Check out some of this week's top headlines from across Manufacturing.net, from the fallout from GM's massive recall to Toyotas' latest innovative move.
There’s two ways one can look at this film. First is that it’s a remarkable opportunity to instruct people around the world about an event that isn’t well-known. The second is that it’s exploitative and simply wrong on the facts, whatever those may be.
Shares of General Motors Co. fell to a 10-month low Friday as the company's widening recall crisis put a coveted upgrade of its credit rating in doubt.
Federal officials have approved a funding request by West Virginia Gov. Earl Ray Tomblin related to the January chemical spill in Charleston, but refused to consider the event a "major disaster."
German automaker BMW is issuing a worldwide recall of many models of cars with certain six-cylinder gas motors after identifying a problem with a bolt used in the engine.
Sony is recalling some of its VAIO laptop computers, saying that it's possible that its non-removable battery pack could overheat.
The ingredient is approved by the Food and Drug Administration and can be found in a variety of products. But the blogger said she targeted Subway because of its healthy food image.
Some 33,000 people, including Barisich, are participating in a massive federal study that aims to determine any short or possible long-term health effects related to the spill.
General Motors says another part needs to be repaired in the 2.6 million small cars already being recalled for an ignition switch defect.
A central Indiana automotive glass factory will pay a record $495,500 to settle workplace safety violations that were uncorrected following a worker's 2010 death, the Indiana Department of Labor said.
Malaysia Airlines failed to properly preserve flight recordings during an incident at London's Heathrow Airport in 2012 when a plane had to turn back because of technical problems, a report by Britain's air accidents investigator found.
Mitsubishi Motors Corp. said Thursday it is recalling a total of 24,309 minivehicles produced between last May and January due to possible engine stalling during idling or low speeds.
General Motors has put two engineers on paid leave as an outside attorney investigates why the company took more than a decade to recall millions of small cars for an ignition switch problem.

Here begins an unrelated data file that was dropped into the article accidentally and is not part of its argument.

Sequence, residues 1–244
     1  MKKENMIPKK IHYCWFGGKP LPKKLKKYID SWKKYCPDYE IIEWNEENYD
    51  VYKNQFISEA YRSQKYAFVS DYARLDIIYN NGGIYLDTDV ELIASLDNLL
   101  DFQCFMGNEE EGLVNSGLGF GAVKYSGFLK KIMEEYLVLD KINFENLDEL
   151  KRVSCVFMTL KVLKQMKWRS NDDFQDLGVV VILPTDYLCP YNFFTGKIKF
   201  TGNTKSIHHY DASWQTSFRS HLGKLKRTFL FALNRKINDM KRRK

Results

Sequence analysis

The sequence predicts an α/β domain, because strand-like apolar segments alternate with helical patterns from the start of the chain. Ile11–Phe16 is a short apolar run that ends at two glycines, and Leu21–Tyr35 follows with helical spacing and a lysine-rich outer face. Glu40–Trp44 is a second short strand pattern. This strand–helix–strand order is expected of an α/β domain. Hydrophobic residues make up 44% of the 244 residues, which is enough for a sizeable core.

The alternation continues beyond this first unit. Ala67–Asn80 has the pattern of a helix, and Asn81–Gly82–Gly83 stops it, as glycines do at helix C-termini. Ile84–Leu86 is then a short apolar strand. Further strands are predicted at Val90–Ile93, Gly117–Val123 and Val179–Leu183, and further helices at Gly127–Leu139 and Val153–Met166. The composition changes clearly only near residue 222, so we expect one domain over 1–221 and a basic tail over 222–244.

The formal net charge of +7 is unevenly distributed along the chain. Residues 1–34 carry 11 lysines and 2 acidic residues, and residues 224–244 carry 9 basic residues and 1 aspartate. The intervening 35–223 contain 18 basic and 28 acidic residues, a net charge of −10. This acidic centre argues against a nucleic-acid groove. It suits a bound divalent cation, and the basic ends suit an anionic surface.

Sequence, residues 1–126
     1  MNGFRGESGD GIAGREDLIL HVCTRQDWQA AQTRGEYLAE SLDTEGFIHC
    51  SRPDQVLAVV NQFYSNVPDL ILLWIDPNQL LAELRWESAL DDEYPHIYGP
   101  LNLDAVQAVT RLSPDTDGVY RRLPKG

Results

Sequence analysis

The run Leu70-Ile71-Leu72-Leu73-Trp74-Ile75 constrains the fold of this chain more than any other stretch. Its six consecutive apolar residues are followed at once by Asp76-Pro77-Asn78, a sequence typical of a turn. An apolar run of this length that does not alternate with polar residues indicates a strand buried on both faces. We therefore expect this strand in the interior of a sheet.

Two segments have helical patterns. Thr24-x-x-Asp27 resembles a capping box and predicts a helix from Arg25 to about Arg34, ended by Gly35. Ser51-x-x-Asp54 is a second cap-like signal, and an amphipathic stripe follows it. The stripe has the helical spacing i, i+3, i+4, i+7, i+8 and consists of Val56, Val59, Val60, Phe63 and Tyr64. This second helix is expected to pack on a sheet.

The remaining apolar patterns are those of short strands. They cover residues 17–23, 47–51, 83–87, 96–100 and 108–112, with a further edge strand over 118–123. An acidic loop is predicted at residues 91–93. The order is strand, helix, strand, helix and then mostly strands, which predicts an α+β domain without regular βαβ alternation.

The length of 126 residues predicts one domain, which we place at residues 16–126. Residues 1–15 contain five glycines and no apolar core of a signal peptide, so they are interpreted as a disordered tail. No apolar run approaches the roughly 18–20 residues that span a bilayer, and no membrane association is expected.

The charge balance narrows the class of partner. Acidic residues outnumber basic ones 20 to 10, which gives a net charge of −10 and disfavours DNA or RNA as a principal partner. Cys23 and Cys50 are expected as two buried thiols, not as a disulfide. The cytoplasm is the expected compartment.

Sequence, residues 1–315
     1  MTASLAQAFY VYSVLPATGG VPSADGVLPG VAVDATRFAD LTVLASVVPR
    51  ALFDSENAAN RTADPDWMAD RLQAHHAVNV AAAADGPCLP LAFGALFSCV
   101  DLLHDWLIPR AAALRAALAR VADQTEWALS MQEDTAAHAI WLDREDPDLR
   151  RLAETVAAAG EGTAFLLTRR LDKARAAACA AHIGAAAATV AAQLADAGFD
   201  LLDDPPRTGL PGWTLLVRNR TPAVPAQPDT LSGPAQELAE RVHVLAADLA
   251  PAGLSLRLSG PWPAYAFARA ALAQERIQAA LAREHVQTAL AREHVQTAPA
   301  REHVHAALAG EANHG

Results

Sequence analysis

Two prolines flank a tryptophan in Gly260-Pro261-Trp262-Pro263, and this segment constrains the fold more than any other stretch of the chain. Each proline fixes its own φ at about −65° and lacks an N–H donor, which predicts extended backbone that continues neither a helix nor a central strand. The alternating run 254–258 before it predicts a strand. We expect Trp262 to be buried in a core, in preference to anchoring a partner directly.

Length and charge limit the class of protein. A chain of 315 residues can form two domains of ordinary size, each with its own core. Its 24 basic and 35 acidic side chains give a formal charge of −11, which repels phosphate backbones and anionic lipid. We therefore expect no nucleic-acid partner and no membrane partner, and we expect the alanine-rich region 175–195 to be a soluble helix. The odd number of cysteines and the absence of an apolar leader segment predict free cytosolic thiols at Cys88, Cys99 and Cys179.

Big U.S. recalls by General Motors and Toyota have put the auto industry on a record pace as companies try to avoid bad publicity and punishment from an increasingly aggressive government.
A Northwest Pipeline official says a pressure vessel rupture caused the March 31 natural gas explosion that injured five people and forced an evacuation at Plymouth in Eastern Washington.
An "O-ring" that links a transmission fluid line to a cooler can fail and cause leaks, potentially causing a fire. Vazin says no fires or crashes have been reported. VW plans to replace the defective parts.
A man who was indicted earlier this year for lacing frozen food products with pesticide at a factory in Gunma Prefecture, north of Tokyo, says he had no trouble doing so because of loose security.
A government safety agency is fining General Motors $7,000 a day, saying the company failed to fully respond to its requests for information about a faulty ignition switch by an April 3 deadline.
Gov. Deval Patrick defended the state's first-in-the-nation ban of the powerful new painkiller Zohydro after a federal judge suggested in court that his administration may have overreached.
Workers at the General Motors plant in Kentucky that assembles Corvettes have voted to authorize a strike over lingering safety concerns.
Toyota Motor Corp. is recalling 6.39 million vehicles globally for a variety of problems spanning nearly 30 models in Japan, the U.S., Europe and other places.
The maker of Zohydro, a controversial new prescription painkiller, has filed a lawsuit in federal court seeking to block Massachusetts' ban on local doctors prescribing and dispensing the drug.
The Chevrolet Equinox and GMC Terrain, both made by General Motors, received the highest "good" rating from the Insurance Institute for Highway Safety.
Wisconsin's self-proclaimed "lemon law king" filed a lawsuit against Tesla, accusing the company of refusing to give a Franklin doctor a refund on a defective electric sedan that cost nearly $100,000.